Fact Sheet: Marriage

Publication Date: 
2008
Resource Origin: 
Springtide

by Pamela Cross, LLB

In Canada, the regulation of marriage is a provincial matter, so each province has its own laws.

In Ontario, that is the Marriage Act, which sets out the rules for how marriage is to be handled.

How can I get married?

People can get married in one of two ways:

  • civilly, in a ceremony conducted by a judge, a Justice of the Peace or any other person designated by the law, or
  • religiously, in a ceremony performed by a person who is registered with the government

Certain requirements must be met for a person to become registered to perform religious marriages:


  • they must be ordained or appointed in accordance with the rules of their religious body
  • they must be recognized by their religious body as a person who is allowed to perform marriages
  • the religious body must be permanently established in Ontario
  • the person must live in Ontario

How old do I have to be?

People must be at least 18 years of age to get married.  If they are between the ages of 16 and 18, they can get married if they have the written consent of both sets of parents.

Who can marry who?

Marriage is legal for both opposite sex and same sex partners everywhere in Canada.

There is a federal law, Marriages (Prohibited Degrees) Act that prohibits marriages between people who are related in certain ways. A person cannot marry his or her child, parent, grandchild or sibling, whether that relationship is by blood or by adoption.

Can people be married to more than one person?

In Canada, polygamy -- being married to more than one person at the same time -- is prohibited under the Criminal Code, although this offence has almost never been prosecuted for more than 100 years.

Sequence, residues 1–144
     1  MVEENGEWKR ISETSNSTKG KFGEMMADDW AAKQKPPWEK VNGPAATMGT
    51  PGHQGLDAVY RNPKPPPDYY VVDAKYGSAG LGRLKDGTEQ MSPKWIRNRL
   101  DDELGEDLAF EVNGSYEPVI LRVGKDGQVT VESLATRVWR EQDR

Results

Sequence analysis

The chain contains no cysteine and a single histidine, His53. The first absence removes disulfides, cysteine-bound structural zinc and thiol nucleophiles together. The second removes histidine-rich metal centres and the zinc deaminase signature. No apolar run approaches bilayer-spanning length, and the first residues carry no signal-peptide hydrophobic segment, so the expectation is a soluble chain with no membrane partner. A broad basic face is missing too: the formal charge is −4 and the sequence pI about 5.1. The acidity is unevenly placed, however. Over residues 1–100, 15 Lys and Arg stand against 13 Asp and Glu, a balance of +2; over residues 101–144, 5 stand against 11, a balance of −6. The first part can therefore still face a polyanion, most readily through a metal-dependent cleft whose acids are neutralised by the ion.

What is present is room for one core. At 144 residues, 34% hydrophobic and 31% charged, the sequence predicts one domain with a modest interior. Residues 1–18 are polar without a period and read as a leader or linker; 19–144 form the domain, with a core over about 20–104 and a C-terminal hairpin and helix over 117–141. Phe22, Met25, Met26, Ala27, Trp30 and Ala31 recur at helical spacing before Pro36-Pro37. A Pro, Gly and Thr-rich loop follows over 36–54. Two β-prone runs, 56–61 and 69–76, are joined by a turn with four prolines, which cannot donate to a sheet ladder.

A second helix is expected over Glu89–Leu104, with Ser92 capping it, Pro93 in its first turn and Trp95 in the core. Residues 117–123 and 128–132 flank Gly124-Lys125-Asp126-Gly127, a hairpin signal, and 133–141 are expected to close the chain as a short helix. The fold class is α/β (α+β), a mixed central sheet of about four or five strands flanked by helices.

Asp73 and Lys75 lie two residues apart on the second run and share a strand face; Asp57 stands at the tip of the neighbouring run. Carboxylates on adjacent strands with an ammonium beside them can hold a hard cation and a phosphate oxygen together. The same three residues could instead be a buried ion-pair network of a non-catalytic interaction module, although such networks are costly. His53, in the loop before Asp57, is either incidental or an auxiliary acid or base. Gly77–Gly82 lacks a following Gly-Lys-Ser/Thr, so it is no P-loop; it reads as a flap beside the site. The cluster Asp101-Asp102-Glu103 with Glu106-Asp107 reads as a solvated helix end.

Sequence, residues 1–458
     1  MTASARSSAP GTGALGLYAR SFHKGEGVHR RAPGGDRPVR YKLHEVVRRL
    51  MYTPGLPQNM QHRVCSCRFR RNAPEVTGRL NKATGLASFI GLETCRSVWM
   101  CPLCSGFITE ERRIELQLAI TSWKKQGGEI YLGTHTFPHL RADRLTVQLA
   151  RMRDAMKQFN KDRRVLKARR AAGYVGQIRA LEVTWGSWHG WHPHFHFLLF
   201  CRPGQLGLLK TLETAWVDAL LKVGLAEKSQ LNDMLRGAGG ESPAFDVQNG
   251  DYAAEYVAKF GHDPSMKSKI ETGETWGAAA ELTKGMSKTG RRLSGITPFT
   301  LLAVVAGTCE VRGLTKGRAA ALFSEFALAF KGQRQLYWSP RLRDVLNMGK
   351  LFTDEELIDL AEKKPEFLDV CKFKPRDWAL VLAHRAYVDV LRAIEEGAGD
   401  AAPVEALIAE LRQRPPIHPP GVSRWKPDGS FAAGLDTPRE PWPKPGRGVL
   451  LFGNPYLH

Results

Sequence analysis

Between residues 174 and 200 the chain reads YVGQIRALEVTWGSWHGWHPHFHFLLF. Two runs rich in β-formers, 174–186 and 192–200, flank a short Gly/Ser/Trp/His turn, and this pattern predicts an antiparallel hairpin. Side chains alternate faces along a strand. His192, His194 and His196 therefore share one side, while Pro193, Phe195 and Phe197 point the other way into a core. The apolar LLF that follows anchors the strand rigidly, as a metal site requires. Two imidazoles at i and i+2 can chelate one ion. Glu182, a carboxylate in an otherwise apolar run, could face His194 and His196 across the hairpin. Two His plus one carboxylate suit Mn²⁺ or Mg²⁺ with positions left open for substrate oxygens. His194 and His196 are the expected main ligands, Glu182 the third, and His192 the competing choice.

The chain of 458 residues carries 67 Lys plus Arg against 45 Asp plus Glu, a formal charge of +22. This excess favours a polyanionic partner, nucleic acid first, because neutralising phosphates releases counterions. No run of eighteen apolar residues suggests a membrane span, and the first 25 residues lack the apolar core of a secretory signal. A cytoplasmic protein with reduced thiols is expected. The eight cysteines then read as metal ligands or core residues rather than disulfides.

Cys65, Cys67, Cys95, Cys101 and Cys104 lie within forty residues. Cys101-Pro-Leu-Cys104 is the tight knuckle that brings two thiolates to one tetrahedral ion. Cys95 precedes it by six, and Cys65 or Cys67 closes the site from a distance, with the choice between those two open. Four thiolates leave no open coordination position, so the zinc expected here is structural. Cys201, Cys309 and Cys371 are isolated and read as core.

Despite this law, there have been bigamous and polygamous marriages in Canada.  Sometimes people come to Canada from a country that permits polygamy.  Often, if the second or subsequent marriage has taken place in Canada, it has been in a religious ceremony that does not meet the legal requirements for a civil marriage.

This means the women in those marriages are very vulnerable -- they may believe they are legally married and would have the protection of Canadian laws if the marriage ends, but this may not be the case.

Confusingly, some provincial family law about property division and spousal support recognizes polygamous marriages if they were performed in a country where polygamy is legal.  This means that, in some circumstances, women in a polygamous marriage may have some rights to a share of the family property and/or spousal support.

What if I got married somewhere else?

Canada recognizes foreign marriages if they were performed in a way that was legal in the country where they took place, whether or not that form of marriage is legal in Canada.

This Fact Sheet contains general legal information only.  It is not a legal document, nor is it a replacement for legal advice.  Anyone in a situation involving family, immigration or refugee law is strongly urged to meet with a lawyer to understand fully their rights and responsibilities, the legal options available to them and appropriate legal processes.  A lawyer can interpret the law and provide advice based on the personal facts and information in the specific case.

For information about finding a lawyer in your community, contact Legal Aid Ontario at 1 800 668 8258 or 417 979 1446.

You can also visit Legal Aid Ontario online at www.legalaid.on.ca